Of further interest in this regard is, however, a comparison of results in the final steps of the longitudinal analyses. More specifically, job satisfaction (Time 1) was found to remain a significant predictor of in-role behavior at Time 2 when in-role behavior at Time 1 was controlled for (cf. Table 4). In comparison, in-role behavior (Time 1) was not found to predict job satisfaction at Time 2 when job satisfaction at Time 1 was controlled for (cf. Table 5). Thus, consistent with meta-analytic findings of panel studies regarding the causal relation between job satisfaction and in-role behavior (Riketta, 2008), the present cross-lagged analyses suggest that job satisfaction is more likely to influence in-role behavior than vice versa. With respect to the causal relation between job satisfaction and extra-role behavior, in contrast, a comparison of results of the present cross-lagged analyses (cf. Tables 3 and 5) does not suggest that job satisfaction is more likely to influence extra-role behavior rather than vice versa.

Limitations

The internal consistency of the in-role behavior scale was relatively low at Time 2. This was due to the last item of the five-item scale developed by Staufenbiel and Hartz (2000), the only one with reverse coding. Although dropping it would have increased scale reliability substantially, we retained this item in our analyses for matters of comparability with the five-item scale at Time 1, showing satisfactory reliability, and existing research. Moreover, the two synchronous (i.e. cross-sectional) correlations of in-role behavior with job satisfaction, and of in role behavior with extra-role behavior, were highly similar, as were the respective two cross lagged correlations (cf. Table 1). Of further importance, rerunning all analyses without this item showed that all results were virtually identical to those reported herein. Hence, we hold that the present findings provide sound support for hypotheses.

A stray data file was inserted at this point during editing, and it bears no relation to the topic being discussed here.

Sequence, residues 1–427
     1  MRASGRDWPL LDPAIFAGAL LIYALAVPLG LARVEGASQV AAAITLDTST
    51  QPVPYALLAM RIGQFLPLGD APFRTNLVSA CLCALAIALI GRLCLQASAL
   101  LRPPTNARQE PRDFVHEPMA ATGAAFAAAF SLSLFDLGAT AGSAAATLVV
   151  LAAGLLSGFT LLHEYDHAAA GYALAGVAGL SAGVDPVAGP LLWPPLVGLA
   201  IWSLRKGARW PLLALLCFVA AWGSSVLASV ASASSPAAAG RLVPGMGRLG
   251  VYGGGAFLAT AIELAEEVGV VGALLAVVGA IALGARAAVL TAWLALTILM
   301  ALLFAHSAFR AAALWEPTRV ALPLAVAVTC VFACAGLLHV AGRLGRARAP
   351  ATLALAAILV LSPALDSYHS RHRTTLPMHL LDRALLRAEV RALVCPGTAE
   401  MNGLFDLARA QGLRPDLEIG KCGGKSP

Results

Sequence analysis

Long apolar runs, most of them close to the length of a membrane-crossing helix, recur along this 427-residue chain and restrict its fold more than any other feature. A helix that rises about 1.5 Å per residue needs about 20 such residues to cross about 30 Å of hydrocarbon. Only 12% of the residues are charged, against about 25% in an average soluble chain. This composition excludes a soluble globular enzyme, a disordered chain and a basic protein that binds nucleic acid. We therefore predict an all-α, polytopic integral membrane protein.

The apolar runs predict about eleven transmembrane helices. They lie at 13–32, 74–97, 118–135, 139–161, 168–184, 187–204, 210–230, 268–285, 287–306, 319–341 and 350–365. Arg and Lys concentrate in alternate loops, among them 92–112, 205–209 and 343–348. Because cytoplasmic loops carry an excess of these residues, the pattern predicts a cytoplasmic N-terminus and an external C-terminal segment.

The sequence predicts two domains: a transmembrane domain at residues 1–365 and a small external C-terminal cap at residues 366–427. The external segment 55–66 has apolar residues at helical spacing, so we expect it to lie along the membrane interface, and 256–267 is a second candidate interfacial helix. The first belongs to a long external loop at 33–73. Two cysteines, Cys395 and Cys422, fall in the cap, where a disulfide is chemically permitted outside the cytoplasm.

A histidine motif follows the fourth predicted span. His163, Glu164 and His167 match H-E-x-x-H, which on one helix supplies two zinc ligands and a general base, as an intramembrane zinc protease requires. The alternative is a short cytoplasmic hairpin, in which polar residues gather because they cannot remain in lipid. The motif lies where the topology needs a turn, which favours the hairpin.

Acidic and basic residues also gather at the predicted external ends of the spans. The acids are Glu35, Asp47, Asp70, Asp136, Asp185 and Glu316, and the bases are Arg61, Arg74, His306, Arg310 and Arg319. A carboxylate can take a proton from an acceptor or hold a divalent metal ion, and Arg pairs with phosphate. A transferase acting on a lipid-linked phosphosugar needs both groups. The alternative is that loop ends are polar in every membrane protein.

Similarly, the restriction imposed by the industrial council to administer only that half of the items of the social desirability scale with content deemed appropriate in the current context of a questionnaire focusing on employees’ work-related perceptions led to less than satisfactory reliability of this measure (Stöber, 2001). However, concerns in this regard are mitigated by recent meta-analytic findings (Carpenter et al., 2014) showing that socially desirable responding may be less detrimental for the validity of self-ratings of work behavior and their relationships with variables of interest than previously assumed. Nonetheless, the present findings indicate the importance of scale length in further research on social desirability. Indeed, the Spearman–Brown prophecy formula predicts that the reliability of the full scale would have been α = 0.75 in the present study, and thus highly similar to reports of scale reliability by Stöber (2001).